Red-Black Trees

We said in the previous section that we really like 2-3 trees because they always remain balanced, but we also don't like them because they are hard to implement. But why not both? Why not create a tree that is implemented using a BST, but is structurally identical to a 2-3 tree and thus stays balanced?

Enter the Red-Black Tree

We are going to create this tree by looking at a 2-3 tree and asking ourselves what kind of modifications we can make in order to convert it into a BST.

For a 2-3 tree that only has 2-nodes (nodes with 2 children), we already have a BST, so we don't need to make any modifications!

However, what happens when we get a 3-node?

One thing we could do is create a "glue" node that doesn't hold any information and only serves to show that its 2 children are actually a part of one node.

However, this is a very inelegant solution because we are taking up more space and the code will be ugly. So, instead of using glue nodes we will use glue links instead!

We choose arbitrarily to make the left element a child of the right one. This results in a left-leaning tree. We show that a link is a glue link by making it red. Normal links are black. Because of this, we call these structures left-leaning red-black trees (LLRB). We will be using left-leaning trees in 61B.

Red-Black trees have a 1-1 correspondence with 2-3 trees. Every 2-3 tree has a unique red-black tree associated with it.

Properties of LLRB's

Here are the properties of LLRB's:

  • 1-1 correspondence with 2-3 trees.
  • No node has 2 red links.
  • There are no red right-links.
  • Every path from root to leaf has same number of black links (because 2-3 trees have same number of links to every leaf).
  • Height is no more than 2x height of corresponding 2-3 tree.

Inserting into LLRB

We can always insert into a LLRB tree by inserting into a 2-3 tree and converting it using the scheme from above. However, this would be contrary to our original purpose of creating a LLRB, which was to avoid the complicate code of a 2-3 tree! Instead, we insert into the LLRB as we would with a normal BST. However, this could break its 1-1 mapping to a 2-3 tree, so we will use rotations to massage the tree back into a proper structure.

We will go over the different tasks we need to address when inserting into a LLRB below.

  1. Task 1: insertion color: because in a 2-3 tree, we are always inserting by adding to a leaf node, the color of the link we add should always be red.
  2. Task 2: insertion on the right: recall, we are using left-leaning red black trees, which means we can never have a right red link. If we insert on the right, we will need to use a rotation in order to maintain the LLRB invariant.
    However, if we were to insert on the right with a red link and the left child is also a red link, then we will temporarily allow it for purposes that will become clearer in task 3.

  3. Task 3: double insertion on the left: If there are 2 left red links, then we have a 4-node which is illegal. First, we will rotate to create the same tree seen in task 2 above. Then, in both situations, we will flip the colors of all edges touching S. This is equivalent to pushing up the middle node in a 2-3 tree.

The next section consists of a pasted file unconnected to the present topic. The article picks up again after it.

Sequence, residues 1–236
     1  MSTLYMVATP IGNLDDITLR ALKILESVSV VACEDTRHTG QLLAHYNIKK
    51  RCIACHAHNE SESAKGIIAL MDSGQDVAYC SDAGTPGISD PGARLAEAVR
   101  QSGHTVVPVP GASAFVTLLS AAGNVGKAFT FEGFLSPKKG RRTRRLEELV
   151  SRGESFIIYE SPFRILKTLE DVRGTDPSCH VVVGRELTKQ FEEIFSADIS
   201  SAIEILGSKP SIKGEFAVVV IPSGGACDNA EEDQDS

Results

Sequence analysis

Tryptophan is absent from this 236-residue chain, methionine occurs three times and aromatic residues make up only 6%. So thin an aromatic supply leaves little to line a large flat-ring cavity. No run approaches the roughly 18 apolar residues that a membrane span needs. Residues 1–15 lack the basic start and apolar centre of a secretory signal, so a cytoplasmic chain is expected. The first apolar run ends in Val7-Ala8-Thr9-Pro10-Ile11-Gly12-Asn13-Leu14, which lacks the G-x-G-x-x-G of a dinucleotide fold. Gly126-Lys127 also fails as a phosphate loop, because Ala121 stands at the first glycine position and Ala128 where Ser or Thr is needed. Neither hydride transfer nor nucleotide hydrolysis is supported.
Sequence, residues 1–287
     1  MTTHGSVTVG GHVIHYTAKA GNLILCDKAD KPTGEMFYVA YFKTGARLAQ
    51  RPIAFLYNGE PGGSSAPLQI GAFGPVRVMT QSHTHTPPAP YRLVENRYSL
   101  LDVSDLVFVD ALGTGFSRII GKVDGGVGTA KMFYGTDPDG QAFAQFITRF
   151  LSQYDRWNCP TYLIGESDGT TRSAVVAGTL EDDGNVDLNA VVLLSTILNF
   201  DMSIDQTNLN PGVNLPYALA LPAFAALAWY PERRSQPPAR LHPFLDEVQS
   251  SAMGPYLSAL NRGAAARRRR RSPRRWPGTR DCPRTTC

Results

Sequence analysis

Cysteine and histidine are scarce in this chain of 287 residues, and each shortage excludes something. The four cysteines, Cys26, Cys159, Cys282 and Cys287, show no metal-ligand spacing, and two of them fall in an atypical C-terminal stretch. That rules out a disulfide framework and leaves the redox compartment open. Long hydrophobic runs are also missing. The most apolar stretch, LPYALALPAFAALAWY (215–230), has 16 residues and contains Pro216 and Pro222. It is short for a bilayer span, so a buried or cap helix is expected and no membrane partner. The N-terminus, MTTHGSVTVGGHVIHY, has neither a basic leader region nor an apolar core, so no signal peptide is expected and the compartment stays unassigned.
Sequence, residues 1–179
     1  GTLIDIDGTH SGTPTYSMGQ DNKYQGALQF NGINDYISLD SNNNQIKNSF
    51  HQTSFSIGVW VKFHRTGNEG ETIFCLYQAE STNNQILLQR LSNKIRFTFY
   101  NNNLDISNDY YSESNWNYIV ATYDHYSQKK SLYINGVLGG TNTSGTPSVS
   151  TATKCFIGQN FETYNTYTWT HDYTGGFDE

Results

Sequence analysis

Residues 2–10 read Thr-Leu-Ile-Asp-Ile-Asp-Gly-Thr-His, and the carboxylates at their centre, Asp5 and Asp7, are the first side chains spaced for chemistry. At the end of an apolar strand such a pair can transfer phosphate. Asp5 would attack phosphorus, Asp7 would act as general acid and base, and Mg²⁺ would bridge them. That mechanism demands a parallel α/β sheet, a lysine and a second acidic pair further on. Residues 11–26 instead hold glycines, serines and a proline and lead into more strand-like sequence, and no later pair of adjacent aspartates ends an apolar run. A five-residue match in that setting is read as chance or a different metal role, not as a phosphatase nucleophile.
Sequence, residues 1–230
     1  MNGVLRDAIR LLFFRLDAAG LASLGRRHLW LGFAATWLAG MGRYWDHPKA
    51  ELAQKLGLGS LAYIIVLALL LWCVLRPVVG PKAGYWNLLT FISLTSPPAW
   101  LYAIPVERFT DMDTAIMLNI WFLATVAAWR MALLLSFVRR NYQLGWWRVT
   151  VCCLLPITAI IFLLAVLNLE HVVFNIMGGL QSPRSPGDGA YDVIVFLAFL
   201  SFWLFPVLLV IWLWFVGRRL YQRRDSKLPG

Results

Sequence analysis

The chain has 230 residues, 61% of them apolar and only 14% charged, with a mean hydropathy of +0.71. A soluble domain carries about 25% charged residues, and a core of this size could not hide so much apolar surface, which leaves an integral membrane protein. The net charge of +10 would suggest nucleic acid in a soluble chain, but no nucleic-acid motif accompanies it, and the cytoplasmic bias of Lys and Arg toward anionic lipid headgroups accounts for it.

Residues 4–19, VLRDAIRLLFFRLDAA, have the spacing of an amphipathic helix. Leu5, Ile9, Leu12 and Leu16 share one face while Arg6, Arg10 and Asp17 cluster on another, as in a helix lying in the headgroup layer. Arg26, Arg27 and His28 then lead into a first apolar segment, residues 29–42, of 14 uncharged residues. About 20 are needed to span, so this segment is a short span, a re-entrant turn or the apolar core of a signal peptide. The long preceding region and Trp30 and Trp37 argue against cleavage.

You may need to go through a series of rotations in order to complete the transformation. The process is: while the LLRB tree does not satisfy the 1-1 correspondence with a 2-3 tree or breaks the LLRB invariants, perform task 1, 2, or 3 depending on the condition of the tree until you get a legal LLRB.

Here is a summary of all the operations:

  • When inserting: Use a red link.

  • If there is aright leaning “3-node”, we have a Left Leaning Violation

    • Rotate left the appropriate node to fix.
  • If there are two consecutive left links, we have an incorrect 4 Node Violation!

    • Rotate right the appropriate node to fix.
  • If there are any nodes with two red children, we have a temporary 4 Node.

    • Color flip the node to emulate the split operation.


Because a red-black tree has a 1-1 correspondence with a 2-3 tree and will always remain within 2x the height of its 2-3 tree, the runtimes of the operations will take logN\log N time.

Here's the abstracted code for insertion into a LLRB:

private Node put(Node h, Key key, Value val) {
    if (h == null) { return new Node(key, val, RED); }

    int cmp = key.compareTo(h.key);
    if (cmp < 0)      { h.left  = put(h.left,  key, val); }
    else if (cmp > 0) { h.right = put(h.right, key, val); }
    else              { h.val   = val;                    }

    if (isRed(h.right) && !isRed(h.left))      { h = rotateLeft(h);  }
    if (isRed(h.left)  &&  isRed(h.left.left)) { h = rotateRight(h); }
    if (isRed(h.left)  &&  isRed(h.right))     { flipColors(h);      } 

    return h;

Look how short and sweet!


  • Binary search trees are simple, but they are subject to imbalance which leads to crappy runtime.

  • 2-3 Trees (B Trees) are balanced, but painful to implement and relatively slow.

  • LLRBs insertion is simple to implement (but deletion is hard).

    • Works by maintaining mathematical bijection with a 2-3 trees.
  • Java’s TreeMap is a red-black tree (but not left leaning).

  • Maintains correspondence with 2-3-4 tree (is not a 1-1 correspondence).

  • Allows glue links on either side (see Red-Black Tree).

  • More complex implementation, but significantly faster.

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